Real Estate Buying Process in Italy
Today we esplain how the real estate buying process works in Italy, from the buying proposal to the final contract, costs and taxes included.
Buying Proposal (Proposta d’acquisto)
Once you have found the property you are interested in, the buying proposal, will take it off the market normally for two to four weeks. You usually have to pay a five per cent deposit at this time. At this stage you can withdraw without losing your deposit if there are any legal issues. Next, you move on to the preliminary contract.
Preliminary contract (Contratto preliminare o Compromesso)
Once seller and buyer agree on the buying proposal, they can proceed with the Preliminary Contract. This is a legally binding contract, where both parties have the obligation to complete the purchase. The Preliminary Contract includes a description of the property and sets out conditions such as rights of way, payments and timing of the buying process. On signing it, the buyers pays a further deposit ranging between 10%-30% on the sale price, either to the vendor, as well as the agency fees. This deposit is called Caparra Confirmatoria. The Preliminary contract virtually guarantees the purchase will proceed, as the buyer will lose their deposit if they pull out, but the seller will have to pay double the deposit if they pull out.
From Preliminary to Final contract it takes some months (normally one to three ), during which time a Notary is appointed. Notaries are members of an independent legal body who work for both the buyer and seller, conducting searches, checking planning permission, investigating in seller legal title, checking that no other mortgage or charge exist over the property etc…and preparing deeds.
The final contract (Atto or Rogito)
This is signed at the Notary’s office, either in person or by giving someone power of attorney on your behalf. The contract will be read out, so non-Italian speakers will need a qualified translator.
In this moment the buyer will pay the remaining price of the purchase, along with taxes and notary fees. The Notary will send the purchase deed to the land registry and the buyer receives it approximately two months later.
Tax code (Codice fiscale)
You need an Italian tax code before you can buy property in Italy. Usually your estate agent will help you get the tax code.
It can be possible to borrow up to 70 per cent loan-to- value (LTV) for a property at time of writing although this is obviously subject to individual circumstances.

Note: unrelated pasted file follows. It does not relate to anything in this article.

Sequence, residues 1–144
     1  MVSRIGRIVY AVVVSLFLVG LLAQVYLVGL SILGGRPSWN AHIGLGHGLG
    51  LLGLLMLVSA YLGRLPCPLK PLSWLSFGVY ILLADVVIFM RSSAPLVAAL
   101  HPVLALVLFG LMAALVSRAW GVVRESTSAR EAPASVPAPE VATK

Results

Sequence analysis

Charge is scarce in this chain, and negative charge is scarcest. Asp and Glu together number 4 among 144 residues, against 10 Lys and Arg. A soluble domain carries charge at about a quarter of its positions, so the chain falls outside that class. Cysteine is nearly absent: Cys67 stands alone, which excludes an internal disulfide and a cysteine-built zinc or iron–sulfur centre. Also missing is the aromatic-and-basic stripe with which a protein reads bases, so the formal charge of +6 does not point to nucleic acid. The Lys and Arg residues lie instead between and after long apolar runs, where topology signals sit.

The main costs when purchasing a property in Italy are taxes, notary fees and estate agents commission.
Each property has a sale price that the buyer pays and a “book value” (or cadastral value or valore catastale) which is the value according to the land registry office and it is usually lower than the purchase price.
If the seller is a private person, taxes are paid on this “book value”.
If the property is sold by a Company taxes will be paid on the sale price.
If this property is your main Italian home and you take Italian residency within 18 months of signing the final contract, you will pay the “Imposta di Registro”, a tax of three per cent of the book value of the property (or four per cent VAT if you are buying from a company rather than from a private seller).
If your Italian house is a holiday home or you already own property in Italy, you will pay ten per cent of the book value of the property (in case of privat seller) or ten per cent on the sale price (in case of the purchase is from a Company ).
There are also land registry taxes, the “cadastral” tax, plus 22 per cent VAT on the legal fees which will already have added one or two per cent to the purchase costs.
The fees are usually between 2.5 and 3 per cent, depending on the area, the value of the property and the rates charged by the individual notary. Non- Italian speakers will also have to pay for a certified translator when it comes to the final contract. Buyers using an Italian loan or mortgage must pay for the “atto di mutuo” (mortgage contract) to be registered by a notary.
Estate agent commission
Both buyer and seller pay estate agent commission, usually two to three per cent percentage of the real value, plus VAT (IVA) of 22 per cent.
Tax and Residency
Ater buying an Italian property, notify the purchase to the local police authorities within 48 hours of signing the final deed of sale. Next you must organise contracts for gas, water, electricity and telephone. Property owners must pay several taxes, including IMU, the municipal tax on all property owners, and TARI, a tax for rubbish collection.